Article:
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Agile Data Warehouse Design with Biml Videos

I had such a great time at SQL Saturday Indianapolis. The entire event was top notch. Everyone was friendly and almost everything ran smoothly.

As promised, I’ve uploaded two recordings which demonstrate how you can use a Biml framework to rapidly design and load a data warehouse.

Agile Data Warehouse and ETL Design with Biml

Business Intelligence Markup Language is literally changing the way we think about Data Warehouse design and ETL. In this interactive presentation you’ll see how you can rapidly iterate through the Data Warehouse Development Cycle and provide ROI almost immediately. Learn how you can use BimlScript to automatically create staging tables, SSIS Packages, and other necessary objects during the modeling process.

Download the Code

As an added bonus, I uploaded another recording on the topic. In the following video, I show you how to add new tables to the data warehouse load using the framework.

Adding Data Warehouse Dimension(s) using the Biml Framework

Hope you enjoy the videos. Feel free to ask questions below.

I'm Giving Two Biml Presentations at SQL Saturday Indianapolis!

This is just a heads up that I’ll be presenting at SQL Saturday Indianapolis on August 17th. I can’t wait since this is my first time speaking there and I’ll be giving newly revised versions of two of my favorite presentations.

Agile Data Warehouse and ETL Design with Biml

Business Intelligence Markup Language is literally changing the way we think about Data Warehouse design and ETL. In this interactive presentation you’ll see how you can rapidly iterate through the Data Warehouse Development Cycle and provide ROI almost immediately. Learn how you can use BimlScript to automatically create staging tables, SSIS Packages, and other necessary objects during the modeling process.

All of the code used in this presentation can be downloaded by attendees, customized, and used in their environments.

Download Agile Data Warehouse and ETL Design with Biml Presentation Files

Creating Your Own ETL Automation Framework with Biml for Beginners

You may have heard of Business Intelligence Markup Language or even tried to learn it. But how can you take the time to learn it, while getting the rest of your work done. In this highly interactive presentation, I’ll guide you through the process of learning/using Biml, without sacrificing your daily productivity.
We’ll cover how to:

  • Identify “easy” ETL patterns to BimlScript
  • Take incremental steps in automating these processes
  • Move to metadata driven BimlScript
  • Tie it all together into a full-fledged framework

As a bonus, you’ll leave the presentation with a completed framework which dynamically generates most types of flat files that you can use in your own environment.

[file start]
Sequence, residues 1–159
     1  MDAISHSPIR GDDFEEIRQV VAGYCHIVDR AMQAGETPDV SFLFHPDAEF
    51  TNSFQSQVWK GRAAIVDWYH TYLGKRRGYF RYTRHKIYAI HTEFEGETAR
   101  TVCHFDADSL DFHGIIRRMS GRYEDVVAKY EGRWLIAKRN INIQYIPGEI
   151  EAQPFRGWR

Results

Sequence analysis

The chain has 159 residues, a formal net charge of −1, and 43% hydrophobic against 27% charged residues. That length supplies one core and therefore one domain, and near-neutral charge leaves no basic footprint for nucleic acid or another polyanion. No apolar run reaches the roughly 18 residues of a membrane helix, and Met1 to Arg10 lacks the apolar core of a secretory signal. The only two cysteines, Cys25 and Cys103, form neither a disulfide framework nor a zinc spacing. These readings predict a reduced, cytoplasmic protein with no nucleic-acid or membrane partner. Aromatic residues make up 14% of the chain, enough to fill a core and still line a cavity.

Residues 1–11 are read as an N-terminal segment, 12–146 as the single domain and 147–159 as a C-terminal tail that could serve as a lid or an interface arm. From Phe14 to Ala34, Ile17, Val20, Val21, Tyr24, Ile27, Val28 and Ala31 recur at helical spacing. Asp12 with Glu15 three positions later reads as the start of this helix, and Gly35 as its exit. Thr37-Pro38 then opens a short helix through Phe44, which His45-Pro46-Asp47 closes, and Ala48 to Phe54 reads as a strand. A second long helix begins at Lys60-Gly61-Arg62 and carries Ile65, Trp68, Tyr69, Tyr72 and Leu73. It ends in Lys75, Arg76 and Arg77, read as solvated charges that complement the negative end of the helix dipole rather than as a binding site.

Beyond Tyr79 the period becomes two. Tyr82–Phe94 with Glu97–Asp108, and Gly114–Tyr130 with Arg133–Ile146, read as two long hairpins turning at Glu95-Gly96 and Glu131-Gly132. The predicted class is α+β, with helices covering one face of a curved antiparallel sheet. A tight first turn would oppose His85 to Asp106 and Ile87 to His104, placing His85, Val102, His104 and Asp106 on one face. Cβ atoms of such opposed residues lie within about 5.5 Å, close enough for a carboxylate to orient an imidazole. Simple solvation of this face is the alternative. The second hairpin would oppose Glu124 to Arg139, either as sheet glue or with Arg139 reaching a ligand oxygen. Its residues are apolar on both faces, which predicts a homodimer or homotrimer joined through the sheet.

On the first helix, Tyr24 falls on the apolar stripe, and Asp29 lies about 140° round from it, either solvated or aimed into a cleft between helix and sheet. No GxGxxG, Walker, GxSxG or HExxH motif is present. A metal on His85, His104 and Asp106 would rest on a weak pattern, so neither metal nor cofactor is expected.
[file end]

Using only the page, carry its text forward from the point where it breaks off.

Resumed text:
Download Creating Your Own ETL Automation Framework Files

Anyway, it’ll be a great time, and I can’t wait to see some of you there!

Import Biml Metadata from Excel Advanced

This is the final post of a series, Short Cuts to Biml Mastery which shows you how to learn BimlScript through a series of short cuts and remain productive while doing so. Our mission for this series was to quickly create many Flat File extracts from provided source queries using SQL Server Integration Services.

Make sure you read and understand the concepts in each of the following articles before tackling this one.

One of the primary issues I’ve mentioned in each of the preceding short cut steps is a lack of real automation. Since we didn’t have our metadata externalized, we needed to copy/paste some object, T-SQL file, Biml file, or Excel Spreadsheet in order to create new extracts.

In this framework, I’ve externalized the metadata in an Excel worksheet which looks like this:

Feed NameSource QueryFile ExtensionFirst Row Column NamesHeader Row DelimiterColumn Row DelimiterColumn DelimiterText QualifierGenerate
OrderDetailsSELECT OrderID, ProductID, ProductName, UnitPrice, Quantity, Discount, ExtendedPrice FROM dbo.vwOrderDetailscsvYLFLFComma"Y
OrdersSELECT * FROM dbo.OrderstxtNCRLFCRLFTab~Y
ProductDetailsSELECT CategoryName, ProductID, ProductName, QuantityPerUnit, UnitPrice, UnitsInStock FROM dbo.vwProductDetails
WHERE Discontinued = 0
ORDER BY CategoryName, ProductName;
mehYCRLFCRLFVerticalBarY
CustomersSelect * From dbo.CustomerscsvYCRLFCRLFSemicolon"Y
SuppliersSELECT * FROM dbo.SuppliersedfNCRLFCRLFComma*Y
EmployeeDetailsSELECT E.EmployeeID, E.LastName, E.FirstName, E.Title, E.HireDate, E.City, E.PostalCode, E.Country, E.Extension, T.TerritoryDescription
FROM dbo.Employees E
JOIN dbo.EmployeeTerritories ET ON ET.EmployeeID=E.EmployeeID
JOIN dbo.Territories T ON T.TerritoryID=ET.TerritoryID;
csvYCRLFCRLFComma"Y
CustomerOrdersDetailEXECUTE [dbo].[CustOrdersDetail] @OrderID = 11077csvYCRLFCRLFComma"Y

The template is simple enough for most people to fill it out. All of the columns to the right of Source Query default to the original file specification we were given: comma-separated values (CSV) format, double quote text qualified.